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Spain is back on the no-go list, what are your rights if you’ve booked a holiday and where else can you go?


Wow, even those who work in the travel industry were shocked at the government’s decision to suddenly announce last night that mainland Spain was back on its no-go list – on the same day as tens of thousands of families jetted off on their summer holidays.

Sure, there had been rumblings for days that the government was concerned at the rising incidence of coronavirus cases in Spain and it was expected that it would reintroduce a quarantine for holidaymakers returning at some point, but the timing last night couldn’t have been worse.

At the same time the Foreign Office said it’s no longer safe to take a holiday in mainland Spain, but it’s still okay to go to the Balearics (Ibiza, Majorca and Menorca) and the Canary Islands including Gran Canaria, Lanzarote and Tenerife.

Unfortunately, what this shows us is that booking a holiday this summer is still risky and if you do decide to go away, your plans could be horribly disrupted.

If you are due to go to Spain soon, here’s the best advice for what your rights are, whether you’ve booked a package or a flight and hotel separately.

If you’re still planning your summer holiday, the safest option is to book a package with a reputable tour operator, alternatively check your airline and hotel T&Cs to see if they allow refunds for last-minute cancellations. You might have to pay more for flexibility, but with no cast-iron guarantee you’ll be able to travel, it might be worth it. You’re unlikely to be able to claim from your travel insurance if you can’t go on holiday due to government-imposed restrictions as most policies have excluded Covid-related disruption cover.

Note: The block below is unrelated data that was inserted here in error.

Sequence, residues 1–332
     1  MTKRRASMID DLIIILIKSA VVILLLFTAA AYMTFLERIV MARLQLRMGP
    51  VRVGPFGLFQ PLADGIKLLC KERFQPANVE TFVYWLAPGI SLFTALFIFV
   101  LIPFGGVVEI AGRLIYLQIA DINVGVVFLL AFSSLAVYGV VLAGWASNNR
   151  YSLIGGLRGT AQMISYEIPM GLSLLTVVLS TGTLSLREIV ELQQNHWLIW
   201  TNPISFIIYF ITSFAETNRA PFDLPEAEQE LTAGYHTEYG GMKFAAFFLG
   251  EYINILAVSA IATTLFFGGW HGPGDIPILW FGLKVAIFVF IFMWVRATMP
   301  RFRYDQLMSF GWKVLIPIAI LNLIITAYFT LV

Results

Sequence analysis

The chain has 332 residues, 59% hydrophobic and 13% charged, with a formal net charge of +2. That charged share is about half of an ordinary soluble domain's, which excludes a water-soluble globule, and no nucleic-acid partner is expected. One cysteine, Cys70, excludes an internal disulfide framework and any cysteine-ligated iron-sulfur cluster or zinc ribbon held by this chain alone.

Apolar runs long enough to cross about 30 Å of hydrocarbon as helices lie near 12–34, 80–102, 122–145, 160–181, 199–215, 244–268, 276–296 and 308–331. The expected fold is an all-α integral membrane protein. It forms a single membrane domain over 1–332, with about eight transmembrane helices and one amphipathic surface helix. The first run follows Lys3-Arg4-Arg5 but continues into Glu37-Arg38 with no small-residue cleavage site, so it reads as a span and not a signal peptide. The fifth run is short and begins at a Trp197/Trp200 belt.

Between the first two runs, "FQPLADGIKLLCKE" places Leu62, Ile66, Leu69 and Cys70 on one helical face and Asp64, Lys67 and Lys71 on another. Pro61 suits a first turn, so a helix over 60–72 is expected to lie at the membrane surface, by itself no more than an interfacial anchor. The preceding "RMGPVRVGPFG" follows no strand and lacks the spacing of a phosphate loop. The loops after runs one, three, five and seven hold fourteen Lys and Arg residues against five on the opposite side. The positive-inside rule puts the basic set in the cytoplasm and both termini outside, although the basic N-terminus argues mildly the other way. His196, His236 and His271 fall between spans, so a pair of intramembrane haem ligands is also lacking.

So where can you go on holiday right now, exactly?

Five more countries were added this week to the list of countries where you can go on holiday without having to quarantine when you come back to England from 28 July.

They are Estonia, Latvia, Slovakia, Slovenia and St Vincent and the Grenadines.

The Foreign Office (FCO) has also lifted its advice against all but essential travel for a few more countries, including Cuba.

Confusingly, the lift of quarantine-exempt countries is different from the list of countries where from the FCO’s advice against all non-essential travel. For example, the FCO says it’s safe to travel to Cuba, but you’ll still have to quarantine when you come home. So if you want to go on holiday without self-isolating for 14-days when you get back, you need to find a destination that is on both lists.

And then you need to check that there aren’t any local travel restrictions, such as a mandatory quarantine, in the destination you choose. For instance, the FCO says it’s okay for Brits to go on holiday to Cyprus, but Cyprus won’t let you in, at least not until August 1. Confused? Join the club.

You can find the list of quarantine-exempt countries here. Oddly,  Portugal, which has had far, far few cases than both Spain and the UK, has not been added. Hmmmm…

The list of destinations to where the FCO considers it’s safe to travel is here. Remember that if you travel to a destination not on this list, your travel insurance is unlikely to cover you.

You can check travel restrictions for every destination on the FCO website. Look under ‘Entry Requirements’. Sometimes the advice is confusing, I often have to read it multiple times to work out what it means. If in doubt, check with a travel agent but never assume that because an airline sells you a flight to a country or an online travel agent lets you book a room that you’ll be allowed into the country – it’s down to you to check.

Of course, it’s possible other countries could be added to the no-go list at short notice, so wherever you go, it’s a risk. Me, I’m off to Croatia…I hope.

Linsey McNeill

A journalist and travel writer of 35 years' standing, a once-a-week yogi, terrible skier and out-of-order mum to 2 teens. Previously Editor of, bylines also include The Telegraph, The Times, The Observer, the London Evening Standard, Which? and The South China Morning Post.

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